The Gift of an Imperfect Father
by Marlaina Donato
For many of us, Dad was the first person to throw us a ball, take us fishing or treat us to ice cream after a game. If we were fortunate, he was the one who made a bad day better, was a strong protector who kept the metaphorical wolves from the door and, by example, secured our place in the world. Fathers give us many “firsts”, and for some of us, that also means a broken heart.
Parents, like all human beings, are fallible, learning as they go, never quite getting it right, but doing the best that they can. Sometimes their “best” is tangled in a net of unresolved personal trauma, addiction or mental illness, and we learn to bear the bitter with the sweet. “Someone I loved once gave me a box full of darkness. It took me years to understand that this, too, was a gift,” wrote poet Mary Oliver, and her words can be a beacon as we journey through healing the father wound.
Once we come out the other side of childhood, it might be difficult to love someone that destroyed our trust and even more difficult to love ourselves. This “gift” might take decades for us to unwrap. Children of difficult dads sometimes blossom like lotuses into more compassionate beings from the mud of absence, cruelty or indifference. Perhaps with a shift in perspective, we may realize how their weaknesses might have given us survival tools and resilience. Flipping the coin to examine what they have done right and giving credit where it is deserved can also help us to open that dead-bolted door to forgiveness. Taking inventory, both positive and negative, can encourage us to become a different kind of parent.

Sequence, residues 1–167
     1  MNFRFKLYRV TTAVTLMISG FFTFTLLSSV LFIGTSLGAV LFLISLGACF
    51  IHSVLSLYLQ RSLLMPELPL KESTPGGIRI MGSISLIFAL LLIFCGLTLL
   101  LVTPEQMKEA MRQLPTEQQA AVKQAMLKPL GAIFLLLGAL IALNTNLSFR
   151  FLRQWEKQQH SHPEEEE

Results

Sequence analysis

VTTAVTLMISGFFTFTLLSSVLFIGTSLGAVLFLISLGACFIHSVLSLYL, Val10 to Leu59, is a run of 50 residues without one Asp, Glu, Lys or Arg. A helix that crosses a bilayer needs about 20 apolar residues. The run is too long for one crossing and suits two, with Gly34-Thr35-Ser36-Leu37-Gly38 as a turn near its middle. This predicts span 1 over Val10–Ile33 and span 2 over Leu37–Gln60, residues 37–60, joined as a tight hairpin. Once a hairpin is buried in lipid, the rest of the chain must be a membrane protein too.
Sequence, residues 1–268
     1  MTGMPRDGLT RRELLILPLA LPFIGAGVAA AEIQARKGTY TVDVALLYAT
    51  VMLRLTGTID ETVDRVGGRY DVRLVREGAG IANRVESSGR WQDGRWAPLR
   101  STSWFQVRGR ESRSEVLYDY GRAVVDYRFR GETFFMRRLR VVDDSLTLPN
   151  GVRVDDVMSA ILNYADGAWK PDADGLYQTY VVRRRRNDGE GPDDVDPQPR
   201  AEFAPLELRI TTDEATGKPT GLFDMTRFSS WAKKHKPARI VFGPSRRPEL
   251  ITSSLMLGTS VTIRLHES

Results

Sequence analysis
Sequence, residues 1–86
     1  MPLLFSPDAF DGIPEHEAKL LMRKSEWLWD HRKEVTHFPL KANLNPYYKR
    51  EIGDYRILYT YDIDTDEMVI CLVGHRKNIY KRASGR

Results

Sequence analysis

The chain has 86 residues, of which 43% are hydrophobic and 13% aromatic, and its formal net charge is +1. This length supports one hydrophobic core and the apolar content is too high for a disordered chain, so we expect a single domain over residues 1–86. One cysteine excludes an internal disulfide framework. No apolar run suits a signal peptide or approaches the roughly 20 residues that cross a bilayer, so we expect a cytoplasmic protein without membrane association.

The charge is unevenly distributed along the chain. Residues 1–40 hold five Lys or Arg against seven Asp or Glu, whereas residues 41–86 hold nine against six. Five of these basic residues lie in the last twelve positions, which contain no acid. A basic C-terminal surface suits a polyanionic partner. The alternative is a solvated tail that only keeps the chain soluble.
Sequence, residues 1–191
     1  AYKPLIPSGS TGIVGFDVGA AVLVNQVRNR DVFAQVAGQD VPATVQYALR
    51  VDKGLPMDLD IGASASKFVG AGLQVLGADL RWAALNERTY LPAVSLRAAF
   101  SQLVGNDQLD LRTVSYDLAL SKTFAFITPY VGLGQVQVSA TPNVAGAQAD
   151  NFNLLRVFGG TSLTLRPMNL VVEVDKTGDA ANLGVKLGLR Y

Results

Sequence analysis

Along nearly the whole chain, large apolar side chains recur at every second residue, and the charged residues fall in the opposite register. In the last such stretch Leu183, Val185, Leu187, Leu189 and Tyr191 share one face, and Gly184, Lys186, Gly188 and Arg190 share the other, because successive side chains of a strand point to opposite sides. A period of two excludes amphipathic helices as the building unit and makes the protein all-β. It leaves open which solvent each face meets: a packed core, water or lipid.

In a black-and-white world, the heart’s gray areas can teach us how to lean into our own healing. We inherit a lot from our wounded fathers, including an energetic opportunity to change the familial emotional code, and it can be beautiful.
Marlaina Donato is an author, composer and painter. Connect at WildflowerLady.com.